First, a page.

ParisSarah Sze: Night into Day
Sarah Sze is best known for her intricate assemblages of everyday objects that blur the boundaries between painting, sculpture and architecture. For her upcoming exhibition, the artist will explore the way in which the proliferation of images— printed in magazines, gleaned from the Web, intercepted from outer space—fundamentally changes our relationship to objects, time and memory. Confusing the boundaries between inside and outside, mirage and reality, past and present, her new installation will bring together for the first time in her work the architectural, the sculptural and the filmic, altering the visitor’s perception of space and time.
As an artist, I think about the effort, desire, and continual longing we’ve had over the years to make meaning of the world around us through materials. And to try and locate a kind of wonder, but also a kind of futility that lies in that very fragile pursuit.
Playing with the transparency of the architecture Sze casts moving images onto the glass walls of the ground floor galleries, turning the building into a magic lantern as they collide, shift in scale, disappear and reemerge. Upon entering the building, visitors are drawn to a fragile planetarium-like sculpture that seems to float in the gallery space. The spherical sculpture is composed of photographs, objects, light, sound and video projections on torn paper, all held in an orchestrated suspension by a delicate scaffolding of bamboo and metal rods.
The Fondation Cartier’s building involves the effect of blurring limits : not knowing exactly what is there and what is not, where it starts and where it ends.
Jean Nouvel, architect
The imagery Sze collects shifts in scale from the vast to the minute. Much of the imagery depicts the timeless elements of nature: earth, fire, water; and natural processes: the movement of clouds, the eruption of a geyser or the growth of a plant. Other images, shot from an iphone or culled from the Internet, capture materials from daily life being transformed before our eyes: shaving chalk, cutting foam, burning wood – offering the viewer an experience of the tactile in our image-saturated world. Sze splices together disparate content that viewers, upon moving through the space, edit together through the act of seeing and reading images to create their own narrative of the work.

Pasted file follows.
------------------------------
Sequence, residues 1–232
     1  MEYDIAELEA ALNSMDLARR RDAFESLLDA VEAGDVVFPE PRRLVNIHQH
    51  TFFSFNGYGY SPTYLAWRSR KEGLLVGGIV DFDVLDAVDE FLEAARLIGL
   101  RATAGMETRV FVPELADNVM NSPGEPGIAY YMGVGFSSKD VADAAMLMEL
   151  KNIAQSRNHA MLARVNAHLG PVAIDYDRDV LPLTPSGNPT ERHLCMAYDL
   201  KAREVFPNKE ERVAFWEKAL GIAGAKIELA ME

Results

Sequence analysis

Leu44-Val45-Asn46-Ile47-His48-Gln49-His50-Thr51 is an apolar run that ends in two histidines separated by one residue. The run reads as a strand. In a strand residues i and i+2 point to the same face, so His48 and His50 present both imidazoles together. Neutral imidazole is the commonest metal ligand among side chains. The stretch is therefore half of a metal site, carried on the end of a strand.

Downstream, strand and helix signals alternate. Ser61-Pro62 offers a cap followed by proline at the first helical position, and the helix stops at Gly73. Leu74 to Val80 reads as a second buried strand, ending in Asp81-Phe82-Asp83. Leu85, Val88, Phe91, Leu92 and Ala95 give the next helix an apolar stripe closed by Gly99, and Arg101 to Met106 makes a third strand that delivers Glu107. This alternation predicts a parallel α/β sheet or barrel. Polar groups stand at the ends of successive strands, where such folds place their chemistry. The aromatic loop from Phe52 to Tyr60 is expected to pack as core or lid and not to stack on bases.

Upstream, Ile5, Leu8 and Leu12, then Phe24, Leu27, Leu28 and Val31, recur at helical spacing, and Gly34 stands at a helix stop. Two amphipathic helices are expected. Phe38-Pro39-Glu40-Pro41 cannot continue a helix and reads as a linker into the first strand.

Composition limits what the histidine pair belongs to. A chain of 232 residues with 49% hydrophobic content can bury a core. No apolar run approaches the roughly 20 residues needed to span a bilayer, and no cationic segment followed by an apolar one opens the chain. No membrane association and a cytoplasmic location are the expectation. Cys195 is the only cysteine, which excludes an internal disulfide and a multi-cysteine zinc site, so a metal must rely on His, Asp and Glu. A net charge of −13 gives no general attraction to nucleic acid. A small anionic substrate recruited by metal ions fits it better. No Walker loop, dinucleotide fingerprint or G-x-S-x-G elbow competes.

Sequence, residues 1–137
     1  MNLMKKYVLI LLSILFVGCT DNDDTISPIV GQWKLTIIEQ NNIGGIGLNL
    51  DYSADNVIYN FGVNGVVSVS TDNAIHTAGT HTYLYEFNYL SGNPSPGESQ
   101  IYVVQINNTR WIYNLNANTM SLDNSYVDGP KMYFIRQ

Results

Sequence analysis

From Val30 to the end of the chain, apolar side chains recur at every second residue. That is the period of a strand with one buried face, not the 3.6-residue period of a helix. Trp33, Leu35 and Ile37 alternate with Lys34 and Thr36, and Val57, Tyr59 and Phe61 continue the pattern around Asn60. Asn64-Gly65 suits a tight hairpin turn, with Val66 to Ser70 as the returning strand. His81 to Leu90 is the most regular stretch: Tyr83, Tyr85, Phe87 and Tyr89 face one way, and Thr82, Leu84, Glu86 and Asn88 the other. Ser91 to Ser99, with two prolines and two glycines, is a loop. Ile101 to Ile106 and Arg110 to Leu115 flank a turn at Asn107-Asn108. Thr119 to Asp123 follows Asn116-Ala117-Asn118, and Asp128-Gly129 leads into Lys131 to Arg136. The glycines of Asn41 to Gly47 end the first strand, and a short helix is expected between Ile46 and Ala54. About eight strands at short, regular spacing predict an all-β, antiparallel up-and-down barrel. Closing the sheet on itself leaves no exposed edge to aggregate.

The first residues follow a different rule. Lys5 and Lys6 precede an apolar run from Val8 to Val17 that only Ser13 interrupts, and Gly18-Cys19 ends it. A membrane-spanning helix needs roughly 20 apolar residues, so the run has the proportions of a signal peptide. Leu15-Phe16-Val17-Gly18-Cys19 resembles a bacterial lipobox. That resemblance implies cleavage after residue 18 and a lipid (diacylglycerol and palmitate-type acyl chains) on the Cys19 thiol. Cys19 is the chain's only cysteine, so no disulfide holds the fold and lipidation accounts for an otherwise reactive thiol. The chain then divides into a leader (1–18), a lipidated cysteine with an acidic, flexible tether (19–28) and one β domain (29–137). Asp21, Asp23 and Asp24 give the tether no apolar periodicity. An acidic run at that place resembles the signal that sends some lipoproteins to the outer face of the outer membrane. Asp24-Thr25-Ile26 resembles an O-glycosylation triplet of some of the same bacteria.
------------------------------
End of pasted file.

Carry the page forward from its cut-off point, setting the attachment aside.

Sarah Sze exacts accuracy through the abstraction of the world and its representation.
Bruno Latour, sociologist, anthropologist and philosopher
Circling the circumference of the building, the artwork leads to a second space where instead of looking up into a carved out sphere, visitors look down into a mirrored, concave, fragmented structure. Like a bowl of reflective water, the sculpture’s steel surfaces reflect slivers of surrounding images and objects – producing an unsettling and fractured landscape of shards and pieces, glimpses and refractions. A pendulum swings above the sculpture, barely touching its concave surface, carving out the negative space from above.
Inspired by age old scientific measuring devices such as the planetarium and the pendulum, designed to help map the earth and the cosmos, Sze’s installations seem to strive and ultimately recognize our failure to fully model the inscrutable concepts of time, space and memory.
Born in Boston, Massachusetts, Sze currently lives and works in New York. In 1999, the Fondation Cartier pour l’art contemporain was the first French institution to offer her a large solo show.
Sarah Sze represented the United States at the Venice Biennale in 2013 and many of her works are held in the collections of prestigious institutions such as The Museum of Modern Art and The Whitney Museum of American Art, New York, as well as The San Francisco Museum of Modern Art.
Recent institutional exhibitions include Sarah Sze at Copenhagen Contemporary, Denmark, in 2017; Sarah Sze. Centrifuge at the Haus der Kunst, Munich (2017- 2018) ; Sarah Sze. Afterimage at the Victoria Miro Gallery, London (2018) and Sarah Sze at the Gagosian Gallery, Paris (2020).
Curator : Leanne Sacramone, assisted by Maëlle Coatleven
View from the exhibition Night Into Day at the Fondation Cartier pour l'art contemporain. © Sarah Sze. Photo © Luc Boegly © Edouard Caupeil © Thibaut Voisin